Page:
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Slides are available from Accelerating Big Data Processing with Hadoop, Spark, and Memcached over High-Performance Interconnects Tutorial at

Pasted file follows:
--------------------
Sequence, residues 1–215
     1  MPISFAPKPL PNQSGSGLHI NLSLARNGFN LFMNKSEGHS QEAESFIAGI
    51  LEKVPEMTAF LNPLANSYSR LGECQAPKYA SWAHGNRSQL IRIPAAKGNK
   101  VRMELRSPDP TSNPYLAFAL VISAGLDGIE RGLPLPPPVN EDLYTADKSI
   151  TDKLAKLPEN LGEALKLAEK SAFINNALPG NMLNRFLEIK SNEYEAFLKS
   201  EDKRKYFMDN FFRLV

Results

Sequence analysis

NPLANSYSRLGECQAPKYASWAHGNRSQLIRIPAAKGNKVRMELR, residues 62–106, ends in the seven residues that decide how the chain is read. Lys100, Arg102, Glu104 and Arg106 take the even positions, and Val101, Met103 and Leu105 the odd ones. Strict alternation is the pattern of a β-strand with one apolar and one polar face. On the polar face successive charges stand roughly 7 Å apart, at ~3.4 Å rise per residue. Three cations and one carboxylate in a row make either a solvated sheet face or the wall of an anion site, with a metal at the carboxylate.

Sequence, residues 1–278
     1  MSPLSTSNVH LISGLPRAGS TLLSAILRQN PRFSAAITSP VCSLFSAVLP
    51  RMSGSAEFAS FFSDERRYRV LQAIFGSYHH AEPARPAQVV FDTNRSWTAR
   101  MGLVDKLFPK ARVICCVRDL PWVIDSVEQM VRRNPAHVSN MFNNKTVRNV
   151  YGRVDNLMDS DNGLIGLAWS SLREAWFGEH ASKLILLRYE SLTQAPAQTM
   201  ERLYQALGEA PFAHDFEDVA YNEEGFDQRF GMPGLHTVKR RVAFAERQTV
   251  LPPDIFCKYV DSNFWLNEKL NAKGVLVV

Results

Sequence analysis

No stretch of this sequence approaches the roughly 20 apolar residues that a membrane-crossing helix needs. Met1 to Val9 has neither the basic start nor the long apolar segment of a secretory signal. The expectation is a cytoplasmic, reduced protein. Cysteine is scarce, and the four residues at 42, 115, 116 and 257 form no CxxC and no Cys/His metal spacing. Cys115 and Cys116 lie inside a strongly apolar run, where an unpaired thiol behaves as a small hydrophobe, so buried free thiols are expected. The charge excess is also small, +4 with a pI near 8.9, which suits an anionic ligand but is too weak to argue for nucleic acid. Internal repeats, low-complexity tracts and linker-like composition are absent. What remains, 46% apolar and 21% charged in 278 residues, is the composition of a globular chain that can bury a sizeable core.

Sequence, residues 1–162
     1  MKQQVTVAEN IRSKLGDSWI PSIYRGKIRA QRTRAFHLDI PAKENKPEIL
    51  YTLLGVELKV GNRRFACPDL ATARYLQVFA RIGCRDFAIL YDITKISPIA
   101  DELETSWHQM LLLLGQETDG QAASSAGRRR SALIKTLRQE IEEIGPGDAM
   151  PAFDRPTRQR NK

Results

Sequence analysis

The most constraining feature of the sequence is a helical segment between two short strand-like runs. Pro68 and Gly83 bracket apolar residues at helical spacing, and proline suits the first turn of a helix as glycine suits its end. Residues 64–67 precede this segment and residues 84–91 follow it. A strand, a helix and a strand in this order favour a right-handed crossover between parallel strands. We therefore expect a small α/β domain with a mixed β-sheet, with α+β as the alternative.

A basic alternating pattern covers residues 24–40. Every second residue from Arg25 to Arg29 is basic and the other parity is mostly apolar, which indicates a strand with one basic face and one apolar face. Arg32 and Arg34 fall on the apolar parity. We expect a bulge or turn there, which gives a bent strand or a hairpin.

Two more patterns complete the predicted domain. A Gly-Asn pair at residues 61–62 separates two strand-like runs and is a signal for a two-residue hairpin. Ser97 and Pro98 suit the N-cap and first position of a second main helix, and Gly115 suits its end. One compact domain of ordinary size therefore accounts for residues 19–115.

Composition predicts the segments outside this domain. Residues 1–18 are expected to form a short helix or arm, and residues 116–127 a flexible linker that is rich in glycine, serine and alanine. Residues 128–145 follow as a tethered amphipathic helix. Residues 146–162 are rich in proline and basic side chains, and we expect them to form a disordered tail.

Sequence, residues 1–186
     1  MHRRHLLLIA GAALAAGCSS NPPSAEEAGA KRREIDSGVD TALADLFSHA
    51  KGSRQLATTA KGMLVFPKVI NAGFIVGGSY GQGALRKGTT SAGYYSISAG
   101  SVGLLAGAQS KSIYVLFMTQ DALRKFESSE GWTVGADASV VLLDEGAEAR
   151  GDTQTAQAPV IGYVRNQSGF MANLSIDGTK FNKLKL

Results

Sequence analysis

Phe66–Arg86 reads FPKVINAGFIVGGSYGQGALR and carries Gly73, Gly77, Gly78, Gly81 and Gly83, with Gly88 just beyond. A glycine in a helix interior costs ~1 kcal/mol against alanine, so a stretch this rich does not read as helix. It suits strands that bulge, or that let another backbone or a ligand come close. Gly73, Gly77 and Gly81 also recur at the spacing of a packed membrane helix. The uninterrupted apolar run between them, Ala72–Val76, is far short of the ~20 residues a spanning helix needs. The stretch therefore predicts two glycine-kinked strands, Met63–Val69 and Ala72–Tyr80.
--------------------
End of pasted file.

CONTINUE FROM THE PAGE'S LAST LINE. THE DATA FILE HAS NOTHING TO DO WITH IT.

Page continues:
Slides are available from Accelerating Big Data Processing with Hadoop, Spark, and Memcached over High-Performance Interconnects Tutorial at HotI 15 by Dhabaleswar K. (DK) Panda The Ohio State University Xiaoyi Lu The Ohio State University Introduction to Big Data Applications and Analytics Big Data has become the one of the most important elements of business analytics Provides groundbreaking opportunities for enterprise information management and decision making The amount of data is exploding; companies are capturing and digitizing more information than ever The rate of information growth appears to be exceeding Moore s Law 2 4V Characteristics of Big Data Commonly accepted 3V s of Big Data Volume, Velocity, Variety Michael Stonebraker: Big Data Means at Least Three Different Things, 4/5V s of Big Data 3V + *Veracity, *Value Courtesy: JTEz0cfJjGurJucBMTkIUNdL3jcZT8IPfNWfN9/dv1.jpg 3 Big Volume of Data by the End of this Decade From 2005 to 2020, the digital universe will grow by a factor of 300, from 130 exabytes to 40,000 exabytes. By 2020, a third of the data in the digital universe (more than 13,000 exabytes) will have Big Data Value, but only if it is tagged and analyzed. Courtesy: John Gantz and David Reinsel, The Digital Universe in 2020: Big Data, Bigger Digital Shadows, and Biggest Growth in the Far East, IDC's Digital Universe Study, sponsored by EMC, December Data Generation in Internet Services and Applications Webpages (content, graph) Clicks (ad, page, social) Users (OpenID, FB Connect, etc.) s (Hotmail, Y!Mail, Gmail, etc.) Photos, Movies (Flickr, YouTube, Video, etc.) Cookies / tracking info (see Ghostery) Installed apps (Android market, App Store, etc.) Location (Latitude, Loopt, Foursquared, Google Now, etc.) User generated content (Wikipedia & co, etc.) Ads (display, text, DoubleClick, Yahoo, etc.) Comments (Discuss, Facebook, etc.) Reviews (Yelp, Y!Local, etc.) Third party features (e.g. Experian) Social connections (LinkedIn, Facebook, etc.) Purchase decisions (Netflix, Amazon, etc.) Instant Messages (YIM, Skype, Gtalk, etc.) Search terms (Google, Bing, etc.) Timestamp (everything) News articles (BBC, NYTimes, Y!News, etc.) Blog posts (Tumblr, Wordpress, etc.) Microblogs (Twitter, Jaiku, Meme, etc.) Link sharing (Facebook, Delicious, Buzz, etc.) Network traffic Number of Apps in the Apple App Store, Android Market, Blackberry, and Windows Phone (2013) Android Market: 1200K Apple App Store: ~1000K Courtesy: 5 Velocity of Big Data How Much Data Is Generated Every Minute on the Internet? The global Internet population grew 14.3% from 2011 to 2013 and now represents 2.4 Billion People. Courtesy: 6 Not Only in Internet Services - Big Data in Scientific Domains Scientific Data Management, Analysis, and Visualization Applications examples Climate modeling Combustion Fusion Astrophysics Bioinformatics Data Intensive Tasks Runs large-scale simulations on supercomputers Dump data on parallel storage systems Collect experimental / observational data Move experimental / observational data to analysis sites Visual analytics help understand data visually 7 Typical Solutions or Architectures for Big Data Analytics Hadoop: The most popular framework for Big Data Analytics HDFS, MapReduce, HBase, RPC, Hive, Pig, ZooKeeper, Mahout, etc. Spark: Provides primitives for in-memory cluster computing; Jobs can load data into memory and query it repeatedly Storm: A distributed real-time computation system for real-time analytics, online machine learning, continuous computation, etc. S4: A distributed system for processing continuous unbounded streams of data GraphLab: Consists of a core C++ GraphLab API and a collection of high-performance machine learning and data mining toolkits built on top of the GraphLab API. Web 2.0: RDBMS + Memcached ( Memcached: A high-performance, distributed memory object caching systems 8 Data Management and Processing on Modern Clusters Substantial impact on designing and utilizing modern data management and processing systems in multiple tiers Front-end data accessing and serving (Online) Memcached + DB (e.g. MySQL), HBase Back-end data analytics (Offline) HDFS, MapReduce, Spark 9 Who Are Using Hadoop? Focuses on large data and data analysis Hadoop (e.g. HDFS, MapReduce, RPC, HBase) environment is gaining a lot of momentum 10 Presentation Outline Overview MapReduce and RDD Programming Models Apache Hadoop, Spark, and Memcached Modern Interconnects and Protocols Challenges in Accelerating Hadoop, Spark, and Memcached Benchmarks and Applications using Hadoop, Spark, and Memcached Acceleration Case Studies and In-Depth Performance Evaluation The High-Performance Big Data (HiBD) Project and Associated Releases Ongoing/Future Activities for Accelerating Big Data Applications Conclusion and Q&A 11 The MapReduce Model J. Dean and S. Ghemawat. MapReduce: Simplified Data Processing on Large Clusters. In Proceedings of the 6 th Symposium on Operating Systems Design & Implementation (OSDI 04), WordCount Execution The overall execution process of WordCount in MapReduce 13 A Hadoop MapReduce Example - WordCount public class WordCount { public static class Map extends Mapper LongWritable, Text, Text, IntWritable { private final static IntWritable one = new IntWritable(1); private Text word = new Text(); public void map(longwritable key, Text value, Context context) throws IOException, InterruptedException { String line = value.tostring(); LOC of the Full StringTokenizer tokenizer = new StringTokenizer(line); } while (tokenizer.hasmoretokens()) { word.set(tokenizer.nexttoken()); } context.write(word, one); } public static class Reduce extends Reducer Text, IntWritable, Text, IntWritable { } } public void reduce(text key, Iterator IntWritable values, Context context) throws IOException, InterruptedException { } int sum = 0; Scalable Productive Example: 63 while (values.hasnext()) { sum +=; } context.write(key, new IntWritable(sum)); Fault- Tolerant 14 Data Sharing Problems in MapReduce HDFS read HDFS write HDFS read HDFS write iter. 1 iter Input Slow due to replication, serialization, and disk IO In-Memory? iter. 1 iter Input faster than network and disk 15 RDD Programming Model in Spark Key idea: Resilient Distributed Datasets (RDDs) Immutable distributed collections of objects that can be cached in memory across cluster nodes Created by transforming data in stable storage using data flow operators (map, filter, groupby, ) Manipulated through various parallel operators Automatically rebuilt on failure rebuilt if a partition is lost Interface Clean language-integrated API in Scala (Python & Java) Can be used interactively from Scala console 16 RDD Operations Transformations (define a new RDD) map filter sample union groupbykey reducebykey sortbykey join Actions (return a result to driver) reduce collect count first Take countbykey saveastextfile saveassequencefile More Information: 17 Example: Log Mining Load error messages from a log into memory, then interactively search for various patterns Base lines = spark.textfile( hdfs://... ) Transformed RDD RDD results errors = lines.filter(_.startswith( ERROR )) messages = \t )(2)) tasks Driver cachedmsgs = messages.cache() Worker Block 1 Cache 1 cachedmsgs.filter(_.contains( foo )).count cachedmsgs.filter(_.contains( bar )).count... Result: full-text Result: scaled search to of 1 Wikipedia TB data in in 5-7 1 sec (vs 20 (vs 170 sec for sec on-disk for on-disk data) data) Worker Block 3 Action Cache 3 Worker Block 2 Cache 2 Courtesy: 18 Lineage-based Fault Tolerance RDDs maintain lineage information that can be used to reconstruct lost partitions Example cachedmsgs = textfile(...).filter(_.contains( error )).map(_.split( \t )(2)).cache() HdfsRDD path: hdfs:// FilteredRDD func: contains(...) MappedRDD func: split( ) CachedRDD 19 RDD Example: Word Count in Spark! val file = spark.textfile( hdfs://... ) Productive 3 Lines! val counts = file.flatmap(line = line.split( )).map(word = (word, 1)).reduceByKey(_ + _) counts.saveastextfile( hdfs://... ) Scalable High- Performance Fault- Tolerant 20 Benefits of RDD Model Consistency is easy due to immutability Inexpensive fault tolerance (log lineage rather than replicating/checkpointing data) Locality-aware scheduling of tasks on partitions Despite being restricted, model seems applicable to a broad variety of applications Easy Programming High-Performance Scalable Logistic Regression Performance Apache Hadoop (127s/iteration) Apache Spark (first iteration : 174s, further iterations: 6s) Running Time (s) Hadoop Spark Courtesy: Number of Iterations 21 Presentation Outline Overview MapReduce and RDD Programming Models Apache Hadoop, Spark, and Memcached Modern Interconnects and Protocols Challenges in Accelerating Hadoop, Spark, and Memcached Benchmarks and Applications using Hadoop, Spark, and Memcached Acceleration Case Studies and In-Depth Performance Evaluation The High-Performance Big Data (HiBD) Project and Associated Releases Ongoing/Future Activities for Accelerating Big Data Applications Conclusion and Q&A 22 Architecture Overview of Hadoop, Spark, and Memcached Overview of Apache Hadoop Architecture and its Components MapReduce HDFS RPC Spark HBase Overview of Web 2.0 Architecture and Memcached 23 Overview of Apache Hadoop Architecture Open-source implementation of Google MapReduce, GFS, and BigTable for Big Data Analytics Hadoop Common Utilities (RPC, etc.), HDFS, MapReduce, YARN Hadoop 1.x Hadoop 2.x MapReduce (Data Processing) Other Models (Data Processing) MapReduce (Cluster Resource Management & Data Processing) YARN (Cluster Resource Management & Job Scheduling) Hadoop Distributed File System (HDFS) Hadoop Distributed File System (HDFS) Hadoop Common/Core (RPC,..) Hadoop Common/Core (RPC,..) 24 Projects Under Apache Hadoop Ambari: A web-based tool for provisioning, managing, and monitoring Hadoop clusters. Avro: A data serialization system. Cassandra: A scalable multi-master database with no single points of failure. Chukwa: A data collection system for managing large distributed systems. HBase: A scalable database that supports structured data storage for large tables. Hive: A data warehouse infrastructure that provides data summarization and ad-hoc querying. Mahout: A scalable machine learning and data mining library. Pig: A high-level data-flow language and execution framework for parallel computation. Spark: A fast and general compute engine for data. Spark provides a simple and expressive programming model that supports a wide range of applications, including ETL, machine learning, stream processing, and graph computation. Tez: A generalized data-flow programming framework, which provides a powerful and flexible engine to execute an arbitrary DAG of tasks to process data for both batch and interactive use-cases. Tez is being adopted to replace Hadoop MapReduce. ZooKeeper: A high-performance coordination service for distributed applications. 25 Big Data Processing with Hadoop Components Major components included in this tutorial: MapReduce (Batch) HBase (Query) HDFS (Storage) RPC (Inter-process communication) Underlying Hadoop Distributed File System (HDFS) used by both MapReduce and HBase Model scales but high amount of communication during intermediate phases can be further optimized User Applications MapReduce HBase HDFS Hadoop Common (RPC) Hadoop Framework 26 Typical Hadoop 1.x Cluster MapReduce Framework JobTracker: track, manage jobs and detect failure TaskTrackers: host map/reduce tasks computation HDFS NameNode: stores meta information of data blocks DataNodes: store blocks and support operations on blocks Hadoop Cluster 27 Hadoop 1.x MapReduce Job Execution Main Features DataNode (TaskTracker) map reduce map Replication (e.g. 3) Data locality for Maps reduce HTTP-based Shuffle Client Job Completion NameNode (JobTracker) DataNode (TaskTracker) map reduce Speculative execution Independence among tasks map reduce DataNode (TaskTracker) DataNode (TaskTracker) Goals Fault Tolerance Scalability 28 MapReduce on Hadoop 1.x The clients submit MapReduce jobs to JobTracker The JobTracker assigns Map and Reduce tasks to other nodes in the cluster These nodes each run a daemon TaskTracker on separate JVM Each TaskTracker initiates the Map or Reduce tasks and reports progress back to JobTracker Courtesy: 29 MapReduce on Hadoop 2.x -- YARN Architecture Resource Manager: coordinates the allocation of compute resources Node Manager: in charge of resource containers, monitoring resource usage, and reporting to Resource Manager Application Master: in charge of the life cycle an application, like a MapReduce Job. It negotiates with Resource Manager of cluster resources and keeps track of task progress and status Courtesy: 30 Data Movement in Hadoop MapReduce Bulk Data Transfer Disk Operations Map and Reduce Tasks carry out the total job execution Map tasks read from HDFS, operate on it, and write the intermediate data to local disk Reduce tasks get these data by shuffle from TaskTrackers, operate on it and write to HDFS Communication in shuffle phase uses HTTP over Java Sockets 31 Hadoop Distributed File System (HDFS) Primary storage of Hadoop; highly reliable and fault-tolerant Adopted by many reputed organizations Client eg: Facebook, Yahoo! NameNode: stores the file system namespace DataNode: stores data blocks Developed in Java for platformindependence and portability Uses sockets for communication! RPC RPC RPC RPC (HDFS Architecture) 32 Network-Level Interaction Between Clients and Data Nodes in HDFS 33 Hadoop RPC Usage RPC in HDFS Report the current load and all the information of stored blocks between DNs and NN The HDFS clients use RPC to communicate with NN RPC in MapReduce Exchanges information between JT and TTs, e.g. heartbeat messages, task completion events, error reports, etc. Submit a Job for execution and get the current system status RPC in HBase A core communication scheme for HBase Put/Get operations 34 Spark Architecture Overview An in-memory data-processing framework Iterative machine learning jobs Interactive data analytics Scala based Implementation Standalone, YARN, Mesos Scalable and communication intensive Wide dependencies between Resilient Distributed Datasets (RDDs) MapReduce-like shuffle operations to repartition RDDs Sockets based communication 35 Spark Ecosystem Generalize MapReduce to support new apps in same engine Two Key Observations General task support with DAG Multi-stage and interactive apps require faster data sharing across parallel jobs BlinkDB Spark SQL Spark Streaming (real-time) GraphX (graph) MLbase (machine learning) Spark Standalone Apache Mesos YARN 36 HBase Overview Apache Hadoop Database ( Semi-structured database, which is highly scalable Integral part of many datacenter applications eg: Facebook Social Inbox Developed in Java for platformindependence and portability (HBase Architecture) Uses sockets for communication! 37 Network-Level Interaction Between HBase Clients, Region Servers and Data Nodes 38 Overview of Web 2.0 Architecture and Memcached Three-layer architecture of Web 2.0 Web Servers, Memcached Servers, Database Servers Memcached is a core component of Web 2.0 architecture Internet 39 Memcached Architecture Distributed Caching Layer Allows to aggregate spare memory from multiple nodes General purpose Typically used to cache database queries, results of API calls Scalable model, but typical usage very network intensive 40 Presentation Outline Overview MapReduce and RDD Programming Models Apache Hadoop, Spark, and Memcached Modern Interconnects and Protocols Challenges in Accelerating Hadoop, Spark, and Memcached Benchmarks and Applications using Hadoop, Spark, and Memcached Acceleration Case Studies and In-Depth Performance Evaluation The High-Performance Big Data (HiBD) Project and Associated Releases Ongoing/Future Activities for Accelerating Big Data Applications Conclusion and Q&A 41 Trends for Commodity Computing Clusters in the Top 500 List ( Number of Clusters Percentage of Clusters Number of Clusters 87% Percentage of Clusters Timeline 42 Overview of High Performance Interconnects High-Performance Computing (HPC) has adopted advanced interconnects and protocols InfiniBand 10 Gigabit Ethernet/iWARP RDMA over Converged Enhanced Ethernet (RoCE) Very Good Performance Low latency (few micro seconds) High Bandwidth (100 Gb/s with dual FDR InfiniBand) Low CPU overhead (5-10%) OpenFabrics software stack with IB, iwarp and RoCE interfaces are driving HPC systems Many such systems in Top500 list 43 All interconnects and protocols in OpenFabrics Stack Application / Middleware Interface Application / Middleware Sockets Verbs Protocol Kernel Space TCP/IP TCP/IP RSockets SDP TCP/IP RDMA RDMA Ethernet Driver IPoIB Hardware Offload User Space RDMA User Space User Space User Space Adapter Ethernet Adapter InfiniBand Adapter Ethernet Adapter InfiniBand Adapter InfiniBand Adapter iwarp Adapter RoCE Adapter InfiniBand Adapter Switch Ethernet Switch InfiniBand Switch Ethernet Switch InfiniBand Switch InfiniBand Switch Ethernet Switch Ethernet Switch InfiniBand Switch 1/10/40/100 GigE IPoIB 10/40 GigE- TOE RSockets SDP iwarp RoCE IB Native 44 Trends of Networking Technologies in TOP500 Systems Percentage share of InfiniBand is steadily increasing Interconnect Family Systems Share Courtesy: ernet-will-have-to-work-harder-to-win-hpc/ 45 Large-scale InfiniBand Installations 259 IB Clusters (51%) in the June 2015 Top500 list ( Installations in the Top 50 (24 systems): 519,640 cores (Stampede) at TACC (8 th ) 76,032 cores (Tsubame 2.5) at Japan/GSIC (22 nd ) 185,344 cores (Pleiades) at NASA/Ames (11 th ) 194,616 cores (Cascade) at PNNL (25 th ) 72,800 cores Cray CS-Storm in US (13 th ) 76,032 cores (Makman-2) at Saudi Aramco (28 th ) 72,800 cores Cray CS-Storm in US (14 th ) 110,400 cores (Pangea) in France (29 th ) 265,440 cores SGI ICE at Tulip Trading Australia (15 th ) 37,120 cores (Lomonosov-2) at Russia/MSU (31 st ) 124,200 cores (Topaz) SGI ICE at ERDC DSRC in US (16 th ) 57,600 cores (SwiftLucy) in US (33 rd ) 72,000 cores (HPC2) in Italy (17 th ) 50,544 cores (Occigen) at France/GENCI-CINES (36 th ) 115,668 cores (Thunder) at AFRL/USA (19 th ) 76,896 cores (Salomon) SGI ICE in Czech Republic (40 th ) 147,456 cores (SuperMUC) in Germany (20 th ) 73,584 cores (Spirit) at AFRL/USA (42 nd ) 86,016 cores (SuperMUC Phase 2) in Germany (21 st ) and many more! 46 Open Standard InfiniBand Networking Technology Introduced in Oct 2000 High Performance Data Transfer Interprocessor communication and I/O Low latency ( 1.0 microsec), High bandwidth (up to 12.5 GigaBytes/sec - 100Gbps), and low CPU utilization (5-10%) Flexibility for LAN and WAN communication Multiple Transport Services Reliable Connection (RC), Unreliable Connection (UC), Reliable Datagram (RD), Unreliable Datagram (UD), and Raw Datagram Provides flexibility to develop upper layers Multiple Operations Send/Recv RDMA Read/Write Atomic Operations (very unique) high performance and scalable implementations of distributed locks, semaphores, collective communication operations Leading to big changes in designing HPC clusters, file systems, cloud computing systems, grid computing systems,. 47 Communication in the Channel Semantics (Send/Receive Model) Memory Segment Memory Segment Memory Segment CQ Memory QP Send Recv Processor Processor Processor is involved only to: QP Send Recv Memory Memory Segment Memory Segment CQ 1. Post receive WQE 2. Post send WQE 3. Pull out completed CQEs from the CQ InfiniBand Device Send WQE contains information about the send bu